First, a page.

The Baroque church of La Mare de Déu de Betlem (“Our Lady of Bethlehem”), more commonly referred to simply as “Betlem”, was once considered the most beautiful church in Barcelona. It was originally the chapel for a Jesuit school, and its founders, who took the Counter-Reformation ideals of both St. Ignatius and Trent very seriously, created a magnificent celebration of the power of the True Faith. Unfortunately, what remains today is a shell of its former magnificence.
Catalonia has an important role in the history of the Jesuits. During St. Ignatius of Loyola’s conversion, he went to visit the shrine of Our Lady of Montserrat, Patroness of Catalonia, about an hour outside of Barcelona. There he had a vision of the Virgin and Child, and left his military gear there, renouncing his former life as a military warrior. He then spent the next several months as a hermit outside the nearby town of Manresa where he continued to experience visions on an almost-daily basis.
In 1553 the Society of Jesus was granted permission by the City Council to build the first church along the Ramblas, on the site of the present building, along with a school. This original structure was consecrated two years later. In 1671, upon the canonization of the Catalan Jesuit St. Francis Borgia, great festivities were held along this part of the Ramblas, with the unfortunate result of the church catching fire and burning down. The present church was begun several years later, and completed by 1732 in a High Baroque style.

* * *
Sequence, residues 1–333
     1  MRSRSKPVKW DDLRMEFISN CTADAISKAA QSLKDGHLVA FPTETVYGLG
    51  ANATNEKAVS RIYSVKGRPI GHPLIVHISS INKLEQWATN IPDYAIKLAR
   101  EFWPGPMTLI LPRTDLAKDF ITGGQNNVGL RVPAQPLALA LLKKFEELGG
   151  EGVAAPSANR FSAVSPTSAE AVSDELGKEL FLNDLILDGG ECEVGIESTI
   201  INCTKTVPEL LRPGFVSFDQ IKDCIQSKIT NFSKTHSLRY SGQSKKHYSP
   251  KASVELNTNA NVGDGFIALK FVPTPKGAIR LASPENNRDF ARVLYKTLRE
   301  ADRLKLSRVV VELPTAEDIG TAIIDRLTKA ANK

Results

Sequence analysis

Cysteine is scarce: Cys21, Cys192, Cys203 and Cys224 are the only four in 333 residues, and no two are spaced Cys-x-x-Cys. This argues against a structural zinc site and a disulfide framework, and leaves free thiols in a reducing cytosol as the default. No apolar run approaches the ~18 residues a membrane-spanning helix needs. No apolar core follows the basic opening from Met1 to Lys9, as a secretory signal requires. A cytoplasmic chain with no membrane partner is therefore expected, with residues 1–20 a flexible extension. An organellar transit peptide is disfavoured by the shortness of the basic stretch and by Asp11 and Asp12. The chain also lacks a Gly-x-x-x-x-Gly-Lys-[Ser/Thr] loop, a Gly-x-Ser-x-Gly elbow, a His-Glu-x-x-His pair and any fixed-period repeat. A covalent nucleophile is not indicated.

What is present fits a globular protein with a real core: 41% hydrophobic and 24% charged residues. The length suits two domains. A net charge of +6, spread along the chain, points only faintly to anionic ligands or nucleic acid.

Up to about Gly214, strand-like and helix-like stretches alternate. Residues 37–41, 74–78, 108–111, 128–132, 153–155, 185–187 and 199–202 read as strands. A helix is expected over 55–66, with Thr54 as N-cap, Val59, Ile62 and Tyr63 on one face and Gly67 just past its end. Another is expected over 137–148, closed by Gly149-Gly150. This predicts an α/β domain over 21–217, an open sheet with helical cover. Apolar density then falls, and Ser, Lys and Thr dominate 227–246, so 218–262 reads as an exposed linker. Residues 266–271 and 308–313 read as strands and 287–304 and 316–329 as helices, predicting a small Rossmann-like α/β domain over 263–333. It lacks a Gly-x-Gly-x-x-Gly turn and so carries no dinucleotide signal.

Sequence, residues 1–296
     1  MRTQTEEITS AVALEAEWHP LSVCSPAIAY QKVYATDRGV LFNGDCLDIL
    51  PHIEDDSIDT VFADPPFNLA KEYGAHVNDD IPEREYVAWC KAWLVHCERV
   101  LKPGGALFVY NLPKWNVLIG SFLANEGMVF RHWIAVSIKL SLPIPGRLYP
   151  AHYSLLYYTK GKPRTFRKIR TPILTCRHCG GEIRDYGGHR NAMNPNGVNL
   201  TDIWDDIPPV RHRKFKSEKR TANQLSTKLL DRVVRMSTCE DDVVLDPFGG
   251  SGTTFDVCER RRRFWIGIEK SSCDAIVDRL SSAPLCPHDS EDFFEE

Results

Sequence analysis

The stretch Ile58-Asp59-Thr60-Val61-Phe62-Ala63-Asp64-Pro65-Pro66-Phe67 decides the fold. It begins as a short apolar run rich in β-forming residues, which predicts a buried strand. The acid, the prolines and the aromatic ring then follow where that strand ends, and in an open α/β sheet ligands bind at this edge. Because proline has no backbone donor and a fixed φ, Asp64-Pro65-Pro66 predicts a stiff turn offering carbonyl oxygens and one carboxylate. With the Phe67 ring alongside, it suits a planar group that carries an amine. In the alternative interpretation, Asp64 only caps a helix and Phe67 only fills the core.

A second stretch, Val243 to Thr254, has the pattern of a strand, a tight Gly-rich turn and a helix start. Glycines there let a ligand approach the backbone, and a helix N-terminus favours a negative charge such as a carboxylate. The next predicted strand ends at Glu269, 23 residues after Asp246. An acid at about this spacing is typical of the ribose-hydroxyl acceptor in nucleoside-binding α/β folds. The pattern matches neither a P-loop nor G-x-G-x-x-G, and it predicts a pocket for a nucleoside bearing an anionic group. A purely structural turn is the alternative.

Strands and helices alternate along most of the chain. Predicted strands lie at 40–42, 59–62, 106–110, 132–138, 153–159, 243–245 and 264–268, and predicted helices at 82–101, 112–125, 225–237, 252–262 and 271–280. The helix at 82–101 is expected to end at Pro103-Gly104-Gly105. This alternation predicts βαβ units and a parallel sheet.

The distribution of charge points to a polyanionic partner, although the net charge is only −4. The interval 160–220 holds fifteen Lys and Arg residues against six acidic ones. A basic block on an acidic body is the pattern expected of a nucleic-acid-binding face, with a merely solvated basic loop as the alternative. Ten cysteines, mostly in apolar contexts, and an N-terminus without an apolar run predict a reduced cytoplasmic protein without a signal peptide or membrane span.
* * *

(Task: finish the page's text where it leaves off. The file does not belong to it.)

In 1767 the Jesuits were expelled from Catalonia, and the church moldered for more than a decade. Services resumed in 1787, staffed by the diocese, and continued until the Napoleonic period. The current parish was not officially created until 1835, but remains very active in providing aid to the poor in the local community of El Raval, traditionally part of the “red light” district of Barcelona. Appropriately enough, during Advent and the Christmas season it hosts many displays of carefully constructed traditional nativity scenes, visited by thousands of people each year.
During the Civil War in 1936, Betlem was burned by the Leftists, causing the vaulting to collapse and all of the interior decoration to be destroyed. This is considered by most architectural historians to be among the greatest of the city’s losses during the Civil War. Today, although the facade has been fully restored, and altarpieces from other churches and private collections placed in the side chapels, the interior is a sad reminder of the destructive quality of socialism.